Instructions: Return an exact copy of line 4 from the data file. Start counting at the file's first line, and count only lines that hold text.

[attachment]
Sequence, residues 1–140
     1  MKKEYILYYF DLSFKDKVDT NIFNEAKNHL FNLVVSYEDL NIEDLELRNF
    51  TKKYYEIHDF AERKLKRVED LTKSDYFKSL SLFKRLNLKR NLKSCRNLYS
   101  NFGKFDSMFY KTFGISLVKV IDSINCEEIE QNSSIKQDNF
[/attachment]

   101  NFGKFDSMFY KTFGISLVKV IDSINCEEIE QNSSIKQDNF